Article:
Gene worked for hours at a time, pausing infrequently to eat and even more infrequently to sleep. He desired perfection in all that he did. It is hard to believe that I won’t someday read his Shadow book for Fantagraphics, see the definitive Gene Day Batman, thumb through a new Gene Day Indiana Jones book. I’ll never be able to listen, enraptured, to his album of synthesiser music he intended to publish in the spring.

If he had lived to be a hundred, though, there would have been countless unfinished Gene Day projects. Gene wasn’t happy if he didn’t have at least a half-dozen projects underway. A couple of weeks before his death, we talked for almost two hours on the phone; me cross-hatching a background for the cover of Cerebus #43 and Gene inking small background figures. I would often save such "one-handed" work for these times, as did Gene. He spoke of the future, of his upcoming tasks as he always did – enthusiastically, unafraid – filled with that untiring desire for perfection. We had made tentative plans to work on a Batman story together now that he was at DC, talked of recording some additional synthesiser background music for Cerebus the Radio Show.

Gene never slowed down, never paused to catch his breath before plunging into his next work. Had he found a publisher who would have doubled his wage, he would have seen it as an opportunity to increase his output, plowing the extra money into another publishing venture, a portfolio, a revived Dark Fantasy, an underground comic. He would have found it inconceivable to cut back his production and take some time off.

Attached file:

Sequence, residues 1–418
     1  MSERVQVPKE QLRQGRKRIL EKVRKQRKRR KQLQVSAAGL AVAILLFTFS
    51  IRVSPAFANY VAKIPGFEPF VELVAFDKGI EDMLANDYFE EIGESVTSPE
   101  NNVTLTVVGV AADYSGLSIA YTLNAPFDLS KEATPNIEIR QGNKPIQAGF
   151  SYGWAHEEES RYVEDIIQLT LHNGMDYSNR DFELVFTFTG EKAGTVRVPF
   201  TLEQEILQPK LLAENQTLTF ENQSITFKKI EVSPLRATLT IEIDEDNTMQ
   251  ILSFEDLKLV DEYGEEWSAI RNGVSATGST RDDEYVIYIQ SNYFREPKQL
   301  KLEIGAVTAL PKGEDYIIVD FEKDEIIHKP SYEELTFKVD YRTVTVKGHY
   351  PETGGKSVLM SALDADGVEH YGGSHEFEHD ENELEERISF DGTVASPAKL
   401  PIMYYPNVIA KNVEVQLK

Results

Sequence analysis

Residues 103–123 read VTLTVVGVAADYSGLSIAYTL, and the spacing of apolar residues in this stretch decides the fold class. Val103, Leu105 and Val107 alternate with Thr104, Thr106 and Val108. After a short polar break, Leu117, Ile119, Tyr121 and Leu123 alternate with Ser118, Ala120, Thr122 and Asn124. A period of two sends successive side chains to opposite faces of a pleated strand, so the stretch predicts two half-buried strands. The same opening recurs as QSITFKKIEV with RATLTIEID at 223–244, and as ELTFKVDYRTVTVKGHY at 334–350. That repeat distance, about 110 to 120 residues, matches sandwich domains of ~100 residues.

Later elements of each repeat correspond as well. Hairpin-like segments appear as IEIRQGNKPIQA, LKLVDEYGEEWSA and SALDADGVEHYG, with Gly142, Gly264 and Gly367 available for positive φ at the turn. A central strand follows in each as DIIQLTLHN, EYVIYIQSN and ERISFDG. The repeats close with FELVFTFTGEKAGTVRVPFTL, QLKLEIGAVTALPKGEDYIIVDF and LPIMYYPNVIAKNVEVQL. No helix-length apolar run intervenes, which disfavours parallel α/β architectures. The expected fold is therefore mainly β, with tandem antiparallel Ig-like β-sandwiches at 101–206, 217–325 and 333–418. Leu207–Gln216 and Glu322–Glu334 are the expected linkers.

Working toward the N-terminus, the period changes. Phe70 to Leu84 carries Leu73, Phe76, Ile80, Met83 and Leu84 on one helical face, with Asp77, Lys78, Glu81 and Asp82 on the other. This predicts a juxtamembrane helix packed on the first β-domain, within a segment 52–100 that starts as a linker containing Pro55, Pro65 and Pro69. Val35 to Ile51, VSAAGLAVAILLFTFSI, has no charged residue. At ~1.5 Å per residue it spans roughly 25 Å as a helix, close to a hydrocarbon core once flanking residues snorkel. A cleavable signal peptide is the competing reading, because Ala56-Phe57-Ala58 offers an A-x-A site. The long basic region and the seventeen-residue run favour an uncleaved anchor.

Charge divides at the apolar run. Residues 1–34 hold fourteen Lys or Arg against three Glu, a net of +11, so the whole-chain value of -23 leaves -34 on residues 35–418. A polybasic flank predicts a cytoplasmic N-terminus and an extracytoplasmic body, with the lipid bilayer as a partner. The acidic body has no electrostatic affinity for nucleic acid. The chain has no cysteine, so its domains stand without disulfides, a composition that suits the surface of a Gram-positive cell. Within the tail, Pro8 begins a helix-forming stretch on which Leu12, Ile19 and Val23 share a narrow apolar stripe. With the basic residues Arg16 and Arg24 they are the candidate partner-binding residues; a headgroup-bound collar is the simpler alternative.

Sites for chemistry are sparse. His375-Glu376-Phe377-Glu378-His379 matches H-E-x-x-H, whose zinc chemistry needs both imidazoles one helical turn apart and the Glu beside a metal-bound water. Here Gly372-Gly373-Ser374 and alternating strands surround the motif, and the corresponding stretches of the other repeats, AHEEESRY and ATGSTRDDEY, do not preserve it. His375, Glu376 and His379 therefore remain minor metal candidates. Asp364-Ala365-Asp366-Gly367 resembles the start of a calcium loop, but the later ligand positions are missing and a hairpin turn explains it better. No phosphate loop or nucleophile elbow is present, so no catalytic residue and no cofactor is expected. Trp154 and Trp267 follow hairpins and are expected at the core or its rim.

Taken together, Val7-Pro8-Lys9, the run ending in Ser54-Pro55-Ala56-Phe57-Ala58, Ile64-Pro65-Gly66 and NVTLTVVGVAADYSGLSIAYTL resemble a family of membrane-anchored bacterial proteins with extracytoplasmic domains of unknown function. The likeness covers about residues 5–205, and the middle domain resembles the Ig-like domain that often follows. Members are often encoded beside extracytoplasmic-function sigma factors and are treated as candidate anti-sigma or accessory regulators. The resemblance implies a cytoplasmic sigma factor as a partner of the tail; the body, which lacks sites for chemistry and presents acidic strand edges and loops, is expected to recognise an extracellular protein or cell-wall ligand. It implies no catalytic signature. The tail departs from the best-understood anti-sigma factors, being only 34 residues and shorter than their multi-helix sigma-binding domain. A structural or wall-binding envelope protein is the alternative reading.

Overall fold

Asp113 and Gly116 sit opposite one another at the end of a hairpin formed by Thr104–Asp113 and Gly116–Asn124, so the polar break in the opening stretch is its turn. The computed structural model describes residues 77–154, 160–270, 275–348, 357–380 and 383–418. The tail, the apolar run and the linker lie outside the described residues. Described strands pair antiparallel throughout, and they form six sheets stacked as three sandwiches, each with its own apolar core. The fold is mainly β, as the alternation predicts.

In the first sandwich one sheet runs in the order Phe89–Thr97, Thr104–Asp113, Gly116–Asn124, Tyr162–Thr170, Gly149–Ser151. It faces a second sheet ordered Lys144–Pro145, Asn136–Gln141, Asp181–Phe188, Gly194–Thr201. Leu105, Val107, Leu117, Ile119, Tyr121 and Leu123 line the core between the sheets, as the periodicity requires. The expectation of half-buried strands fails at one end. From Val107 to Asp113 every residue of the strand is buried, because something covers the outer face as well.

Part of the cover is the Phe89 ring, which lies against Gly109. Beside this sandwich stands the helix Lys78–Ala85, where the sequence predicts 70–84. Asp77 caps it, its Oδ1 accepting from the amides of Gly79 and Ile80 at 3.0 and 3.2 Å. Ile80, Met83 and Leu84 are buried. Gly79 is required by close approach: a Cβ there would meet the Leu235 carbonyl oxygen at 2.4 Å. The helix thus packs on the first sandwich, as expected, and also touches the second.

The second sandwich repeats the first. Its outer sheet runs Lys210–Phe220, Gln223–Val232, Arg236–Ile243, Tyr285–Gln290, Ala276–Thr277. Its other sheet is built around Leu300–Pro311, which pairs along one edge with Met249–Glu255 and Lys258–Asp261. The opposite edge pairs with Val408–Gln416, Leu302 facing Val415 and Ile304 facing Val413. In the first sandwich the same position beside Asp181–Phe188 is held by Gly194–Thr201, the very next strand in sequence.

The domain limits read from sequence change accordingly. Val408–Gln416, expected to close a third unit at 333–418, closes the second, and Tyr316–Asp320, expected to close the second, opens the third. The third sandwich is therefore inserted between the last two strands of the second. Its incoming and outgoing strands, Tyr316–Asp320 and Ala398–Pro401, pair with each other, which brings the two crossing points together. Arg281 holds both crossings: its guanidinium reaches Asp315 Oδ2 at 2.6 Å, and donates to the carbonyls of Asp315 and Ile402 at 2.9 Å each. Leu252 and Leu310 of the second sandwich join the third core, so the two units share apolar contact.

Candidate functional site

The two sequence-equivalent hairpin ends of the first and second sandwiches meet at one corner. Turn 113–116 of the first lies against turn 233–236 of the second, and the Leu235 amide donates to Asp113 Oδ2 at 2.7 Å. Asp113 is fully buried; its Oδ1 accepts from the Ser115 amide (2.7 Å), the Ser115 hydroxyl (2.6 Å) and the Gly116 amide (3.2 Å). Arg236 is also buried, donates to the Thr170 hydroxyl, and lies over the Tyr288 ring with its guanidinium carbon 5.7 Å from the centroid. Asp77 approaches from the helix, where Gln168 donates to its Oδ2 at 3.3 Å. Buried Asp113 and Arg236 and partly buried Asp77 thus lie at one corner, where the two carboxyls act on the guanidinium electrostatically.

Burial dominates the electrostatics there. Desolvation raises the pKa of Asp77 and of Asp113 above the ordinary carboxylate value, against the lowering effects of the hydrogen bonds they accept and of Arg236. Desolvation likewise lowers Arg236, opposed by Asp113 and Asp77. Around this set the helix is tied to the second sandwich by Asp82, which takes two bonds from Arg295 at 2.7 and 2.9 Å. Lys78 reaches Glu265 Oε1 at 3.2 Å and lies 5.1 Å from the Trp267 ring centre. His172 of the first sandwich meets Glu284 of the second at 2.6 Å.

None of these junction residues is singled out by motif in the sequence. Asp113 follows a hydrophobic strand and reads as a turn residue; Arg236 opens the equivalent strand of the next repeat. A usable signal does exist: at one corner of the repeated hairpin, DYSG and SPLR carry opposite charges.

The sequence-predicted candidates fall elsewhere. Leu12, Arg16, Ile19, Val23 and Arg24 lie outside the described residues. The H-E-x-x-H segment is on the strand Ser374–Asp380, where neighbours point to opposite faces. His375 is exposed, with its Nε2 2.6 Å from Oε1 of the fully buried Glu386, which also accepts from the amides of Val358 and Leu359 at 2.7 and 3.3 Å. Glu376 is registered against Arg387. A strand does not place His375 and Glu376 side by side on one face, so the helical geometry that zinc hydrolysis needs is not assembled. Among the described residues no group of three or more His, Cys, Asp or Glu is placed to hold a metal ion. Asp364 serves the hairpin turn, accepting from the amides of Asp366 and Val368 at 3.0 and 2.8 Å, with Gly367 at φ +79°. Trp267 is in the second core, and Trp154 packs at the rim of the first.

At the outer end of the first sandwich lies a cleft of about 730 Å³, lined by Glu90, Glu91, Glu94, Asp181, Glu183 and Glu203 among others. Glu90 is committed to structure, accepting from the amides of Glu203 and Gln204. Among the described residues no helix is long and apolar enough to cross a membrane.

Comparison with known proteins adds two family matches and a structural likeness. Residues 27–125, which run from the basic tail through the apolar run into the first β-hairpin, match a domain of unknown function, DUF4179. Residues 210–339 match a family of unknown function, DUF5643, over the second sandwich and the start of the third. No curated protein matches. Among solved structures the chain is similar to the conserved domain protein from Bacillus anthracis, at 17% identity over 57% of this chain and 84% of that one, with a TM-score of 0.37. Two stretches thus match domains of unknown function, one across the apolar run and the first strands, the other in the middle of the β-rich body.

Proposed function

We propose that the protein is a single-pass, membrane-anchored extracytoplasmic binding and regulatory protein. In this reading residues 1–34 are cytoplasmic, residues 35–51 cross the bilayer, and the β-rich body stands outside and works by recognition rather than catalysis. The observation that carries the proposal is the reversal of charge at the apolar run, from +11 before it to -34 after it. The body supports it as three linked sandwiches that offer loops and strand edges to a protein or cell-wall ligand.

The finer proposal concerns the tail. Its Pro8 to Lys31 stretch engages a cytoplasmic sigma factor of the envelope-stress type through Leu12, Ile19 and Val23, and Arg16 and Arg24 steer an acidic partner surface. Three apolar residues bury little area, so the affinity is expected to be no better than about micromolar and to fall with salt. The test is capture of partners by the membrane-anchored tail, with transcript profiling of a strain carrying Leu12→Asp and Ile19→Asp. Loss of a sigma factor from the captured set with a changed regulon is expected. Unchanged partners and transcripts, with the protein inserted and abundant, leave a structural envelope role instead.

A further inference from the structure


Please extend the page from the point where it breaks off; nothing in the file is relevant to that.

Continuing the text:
He was relentless, Gene was, a consummate entertainer and, in a field so often known for its whiners, its prima donnas, its buck-passers, the consummate professional.

Sadly, like so many other who were privileged to call him friend, I thought he was superhuman.

He had told me many times that he wanted to die at the drawing board, pursuing the perfection he always felt to be far from his grasp, the perfection he could never see in himself, but which was always there in my eyes. His life was a testament to his will, lived in the manner he chose, and no one deflected him from the path once chosen. I feel sorry for the people who never met Gene. I feel sorry for the people who knew him only briefly or who only met him in a convention art room or comics shop. To see Gene in the house he loved, with those he loved, Gale and Danny, hunched over the drawing board he had hammered together in his early teens out of scrap wood, and seated in the old kitchen chair on the worn cushion (the only place he could truly, comfortably draw), surrounded by model airplanes, comic book figurines, magazines, photo references, stacks or artwork and works in progress; to see him there was to know him as the Lord of the Manor, the King of All he Surveyed, the Master of his Craft, the Enthusiastic Student, the Ardent Practitioner. The beacon of creativity.